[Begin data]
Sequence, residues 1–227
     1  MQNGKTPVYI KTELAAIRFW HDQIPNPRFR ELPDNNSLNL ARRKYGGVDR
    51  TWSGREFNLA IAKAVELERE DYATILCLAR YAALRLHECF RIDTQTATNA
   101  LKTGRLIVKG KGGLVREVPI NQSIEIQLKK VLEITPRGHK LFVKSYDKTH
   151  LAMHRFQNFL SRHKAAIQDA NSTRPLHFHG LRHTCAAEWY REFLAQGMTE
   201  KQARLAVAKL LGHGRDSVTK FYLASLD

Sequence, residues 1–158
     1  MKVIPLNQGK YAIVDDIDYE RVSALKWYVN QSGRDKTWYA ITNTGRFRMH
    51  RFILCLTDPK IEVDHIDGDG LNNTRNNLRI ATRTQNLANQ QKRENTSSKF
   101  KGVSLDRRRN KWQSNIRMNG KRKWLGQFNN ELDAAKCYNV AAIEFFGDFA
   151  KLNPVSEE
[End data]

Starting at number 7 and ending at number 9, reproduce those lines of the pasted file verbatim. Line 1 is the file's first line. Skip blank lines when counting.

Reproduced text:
Sequence, residues 1–158
     1  MKVIPLNQGK YAIVDDIDYE RVSALKWYVN QSGRDKTWYA ITNTGRFRMH
    51  RFILCLTDPK IEVDHIDGDG LNNTRNNLRI ATRTQNLANQ QKRENTSSKF